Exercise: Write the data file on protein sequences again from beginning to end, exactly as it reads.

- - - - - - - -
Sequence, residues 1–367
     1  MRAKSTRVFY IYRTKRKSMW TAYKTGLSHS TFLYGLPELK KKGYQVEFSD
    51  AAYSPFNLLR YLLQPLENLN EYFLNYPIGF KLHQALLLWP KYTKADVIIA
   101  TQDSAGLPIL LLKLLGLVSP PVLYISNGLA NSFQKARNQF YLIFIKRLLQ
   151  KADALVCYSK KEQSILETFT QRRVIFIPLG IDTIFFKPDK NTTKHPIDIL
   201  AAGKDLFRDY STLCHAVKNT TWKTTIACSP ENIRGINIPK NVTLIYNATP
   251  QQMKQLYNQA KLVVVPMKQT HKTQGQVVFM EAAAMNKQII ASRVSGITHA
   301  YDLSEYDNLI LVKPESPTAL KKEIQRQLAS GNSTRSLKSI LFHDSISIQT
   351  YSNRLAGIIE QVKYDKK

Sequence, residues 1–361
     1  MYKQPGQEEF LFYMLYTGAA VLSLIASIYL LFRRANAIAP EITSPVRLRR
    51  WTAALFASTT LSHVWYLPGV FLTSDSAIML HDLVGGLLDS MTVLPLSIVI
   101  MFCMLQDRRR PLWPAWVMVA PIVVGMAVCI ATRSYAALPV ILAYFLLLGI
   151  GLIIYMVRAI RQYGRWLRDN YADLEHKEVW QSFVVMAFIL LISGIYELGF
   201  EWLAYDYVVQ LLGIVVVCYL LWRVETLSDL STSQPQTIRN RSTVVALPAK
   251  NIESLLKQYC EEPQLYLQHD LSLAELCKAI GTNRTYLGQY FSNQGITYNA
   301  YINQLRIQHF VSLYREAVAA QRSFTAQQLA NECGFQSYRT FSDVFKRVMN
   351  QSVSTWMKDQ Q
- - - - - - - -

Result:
Sequence, residues 1–367
     1  MRAKSTRVFY IYRTKRKSMW TAYKTGLSHS TFLYGLPELK KKGYQVEFSD
    51  AAYSPFNLLR YLLQPLENLN EYFLNYPIGF KLHQALLLWP KYTKADVIIA
   101  TQDSAGLPIL LLKLLGLVSP PVLYISNGLA NSFQKARNQF YLIFIKRLLQ
   151  KADALVCYSK KEQSILETFT QRRVIFIPLG IDTIFFKPDK NTTKHPIDIL
   201  AAGKDLFRDY STLCHAVKNT TWKTTIACSP ENIRGINIPK NVTLIYNATP
   251  QQMKQLYNQA KLVVVPMKQT HKTQGQVVFM EAAAMNKQII ASRVSGITHA
   301  YDLSEYDNLI LVKPESPTAL KKEIQRQLAS GNSTRSLKSI LFHDSISIQT
   351  YSNRLAGIIE QVKYDKK

Sequence, residues 1–361
     1  MYKQPGQEEF LFYMLYTGAA VLSLIASIYL LFRRANAIAP EITSPVRLRR
    51  WTAALFASTT LSHVWYLPGV FLTSDSAIML HDLVGGLLDS MTVLPLSIVI
   101  MFCMLQDRRR PLWPAWVMVA PIVVGMAVCI ATRSYAALPV ILAYFLLLGI
   151  GLIIYMVRAI RQYGRWLRDN YADLEHKEVW QSFVVMAFIL LISGIYELGF
   201  EWLAYDYVVQ LLGIVVVCYL LWRVETLSDL STSQPQTIRN RSTVVALPAK
   251  NIESLLKQYC EEPQLYLQHD LSLAELCKAI GTNRTYLGQY FSNQGITYNA
   301  YINQLRIQHF VSLYREAVAA QRSFTAQQLA NECGFQSYRT FSDVFKRVMN
   351  QSVSTWMKDQ Q